As your loved ones start to age, their needs change as well. Most seniors prefer to still live on their own and maintain their independence. But sometimes, something happens that will make you think twice about whether this is the best option for them.

Deciding to become a caregiver for your parent or loved one will be a difficult decision. It will require you to transition to life changes, which will involve all members of the family. Your senior loved ones might be opposed to it, to begin with, so it will take some time to convince them as well.

That’s why you need to look out for signs that might tell you whether it’s time to start providing constant care for your aging loved ones. It won’t be easy to pick up on these signals, but there are tell-tale signs that can help you decide. Let’s take a look at four of them.

 

Weight loss

When seniors live alone and often have no help around, it can be overwhelming for them to cook. Instead of preparing meals for themselves, they can end up eating unhealthy food or skipping meals altogether. If you start to notice a significant drop in weight in your loved one, talk to them about it.

Discuss the situation with your parent or loved one. If they have difficulty cooking for themselves, it might mean that they need additional care. Not only that – they could be craving the companionship, too.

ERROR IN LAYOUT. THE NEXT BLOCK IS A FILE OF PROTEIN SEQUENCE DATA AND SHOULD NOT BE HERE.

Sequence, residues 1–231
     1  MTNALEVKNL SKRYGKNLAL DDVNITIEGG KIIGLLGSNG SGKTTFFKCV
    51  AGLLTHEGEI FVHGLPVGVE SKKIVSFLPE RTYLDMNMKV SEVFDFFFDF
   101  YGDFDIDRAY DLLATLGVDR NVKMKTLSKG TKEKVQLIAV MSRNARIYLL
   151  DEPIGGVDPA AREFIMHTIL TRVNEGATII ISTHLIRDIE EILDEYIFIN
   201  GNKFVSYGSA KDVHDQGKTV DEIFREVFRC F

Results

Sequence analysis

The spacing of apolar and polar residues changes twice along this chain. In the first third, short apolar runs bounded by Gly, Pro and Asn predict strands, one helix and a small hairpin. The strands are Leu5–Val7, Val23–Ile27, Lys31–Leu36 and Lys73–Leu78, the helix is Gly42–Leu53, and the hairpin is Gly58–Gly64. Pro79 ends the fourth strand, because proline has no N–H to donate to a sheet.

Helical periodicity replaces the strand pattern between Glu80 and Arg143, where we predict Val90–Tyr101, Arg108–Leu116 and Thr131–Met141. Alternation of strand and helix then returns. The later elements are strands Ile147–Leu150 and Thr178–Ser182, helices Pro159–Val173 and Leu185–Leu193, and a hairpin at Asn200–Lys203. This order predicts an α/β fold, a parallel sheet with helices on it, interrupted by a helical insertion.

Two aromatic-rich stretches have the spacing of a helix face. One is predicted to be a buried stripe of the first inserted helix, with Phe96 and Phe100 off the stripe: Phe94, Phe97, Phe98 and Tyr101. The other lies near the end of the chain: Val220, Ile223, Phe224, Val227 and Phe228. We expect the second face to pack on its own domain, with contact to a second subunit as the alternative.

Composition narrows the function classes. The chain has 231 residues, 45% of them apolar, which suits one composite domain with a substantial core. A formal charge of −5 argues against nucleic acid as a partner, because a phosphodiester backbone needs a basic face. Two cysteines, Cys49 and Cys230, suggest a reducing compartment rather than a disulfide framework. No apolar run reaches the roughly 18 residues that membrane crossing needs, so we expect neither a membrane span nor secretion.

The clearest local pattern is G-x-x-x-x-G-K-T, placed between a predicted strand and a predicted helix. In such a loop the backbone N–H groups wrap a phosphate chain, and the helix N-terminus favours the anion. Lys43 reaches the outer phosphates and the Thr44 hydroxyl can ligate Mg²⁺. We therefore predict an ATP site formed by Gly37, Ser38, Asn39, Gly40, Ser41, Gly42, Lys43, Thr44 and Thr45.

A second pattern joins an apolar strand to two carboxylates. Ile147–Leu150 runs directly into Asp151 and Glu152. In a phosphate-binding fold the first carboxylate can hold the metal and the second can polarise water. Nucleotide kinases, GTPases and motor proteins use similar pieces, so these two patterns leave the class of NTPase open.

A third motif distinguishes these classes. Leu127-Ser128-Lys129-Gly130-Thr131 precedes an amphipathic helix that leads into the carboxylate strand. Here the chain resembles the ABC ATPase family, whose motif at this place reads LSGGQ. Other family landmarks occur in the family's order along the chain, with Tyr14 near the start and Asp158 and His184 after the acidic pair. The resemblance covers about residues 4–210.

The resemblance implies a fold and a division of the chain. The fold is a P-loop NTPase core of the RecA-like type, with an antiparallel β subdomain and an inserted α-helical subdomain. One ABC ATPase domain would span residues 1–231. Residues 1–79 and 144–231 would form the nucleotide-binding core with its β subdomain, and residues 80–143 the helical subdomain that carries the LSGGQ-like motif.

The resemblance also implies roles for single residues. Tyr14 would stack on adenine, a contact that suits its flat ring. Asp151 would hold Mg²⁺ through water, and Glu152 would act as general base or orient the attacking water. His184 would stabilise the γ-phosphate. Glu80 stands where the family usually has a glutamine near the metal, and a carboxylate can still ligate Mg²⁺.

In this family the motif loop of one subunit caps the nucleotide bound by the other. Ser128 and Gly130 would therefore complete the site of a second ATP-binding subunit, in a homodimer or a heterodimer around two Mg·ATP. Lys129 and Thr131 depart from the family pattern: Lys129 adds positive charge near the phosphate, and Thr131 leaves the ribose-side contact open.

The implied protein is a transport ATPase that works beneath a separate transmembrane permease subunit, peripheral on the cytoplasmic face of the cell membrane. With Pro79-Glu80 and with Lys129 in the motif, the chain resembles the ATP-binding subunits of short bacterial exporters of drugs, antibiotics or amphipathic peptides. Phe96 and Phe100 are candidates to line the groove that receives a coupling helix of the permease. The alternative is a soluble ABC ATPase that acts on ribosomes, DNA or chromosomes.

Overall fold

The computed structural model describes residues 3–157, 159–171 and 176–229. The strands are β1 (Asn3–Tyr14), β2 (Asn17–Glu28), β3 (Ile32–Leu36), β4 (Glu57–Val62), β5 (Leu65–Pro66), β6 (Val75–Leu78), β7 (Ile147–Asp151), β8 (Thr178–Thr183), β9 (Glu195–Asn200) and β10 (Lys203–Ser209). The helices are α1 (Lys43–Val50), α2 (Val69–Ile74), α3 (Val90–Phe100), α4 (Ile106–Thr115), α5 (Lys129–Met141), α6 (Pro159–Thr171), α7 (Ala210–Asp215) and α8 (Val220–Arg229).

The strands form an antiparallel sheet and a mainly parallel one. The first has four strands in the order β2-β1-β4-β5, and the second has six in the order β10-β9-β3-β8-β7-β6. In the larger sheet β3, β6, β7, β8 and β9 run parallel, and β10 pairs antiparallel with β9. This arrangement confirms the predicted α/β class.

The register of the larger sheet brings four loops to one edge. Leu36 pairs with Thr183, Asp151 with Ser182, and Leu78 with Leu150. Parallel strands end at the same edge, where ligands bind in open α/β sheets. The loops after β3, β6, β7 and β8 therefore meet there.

Caring for your loved one and encouraging them to eat well by preparing nutritious meals for them can inspire them to live healthier. Don’t forget to share a meal with them as well, because it will also improve their overall mood and wellbeing.

Personal hygiene issues

You might notice that your senior loved one begins looking more disheveled or unkempt. Poor hygiene can be a sign of your loved one needing constant care.

If your loved one doesn’t shower, wash their face, or brush their teeth regularly, they probably have safety concerns. They might be worried about using the bathroom and are avoiding it for fear of slipping or falling.

When you start caring for your senior loved one, they will start to feel safer about using the bathroom. Most importantly, it will also inspire them to take care of themselves better, taking pride in knowing how to feel good about themselves, too.

Confusion

Your senior loved one can be exhibiting behavior that can be signs of anxiety, dementia, or even Alzheimer’s disease. These conditions can contribute to confusion as well as poor sleeping conditions that can affect your loved one’s overall health.

In some cases, agitated behavior later in the day such as pacing and yelling might be observed. Your loved one can also experience sleep wandering, which can be dangerous and needs to be discussed with their doctor.

Having someone with them through the night to ensure their safety and protection is the best way to deal with these conditions. It might help them sleep better knowing that they are under the care of someone they trust.

Mobility issues

The older your loved ones get, the more they start losing their balance. Their knees get weaker and they might require walkers. But even then, they will be prone to falls and slips.

It can be disconcerting to think about your parents or loved ones risking these accidents. Caring for them and attending to their needs will help reduce the risk of slips and falls as they struggle with mobility.

As a caregiver, you can also start encouraging your loved one to start doing safe exercises to improve their physical condition. Making home improvements to address their mobility issues will help as well.

If you need to add mobility solutions to your home when you start taking care of your parents or loved ones, Western Stairlifts can help. Call us on 801-386-2408 to schedule a free evaluation service.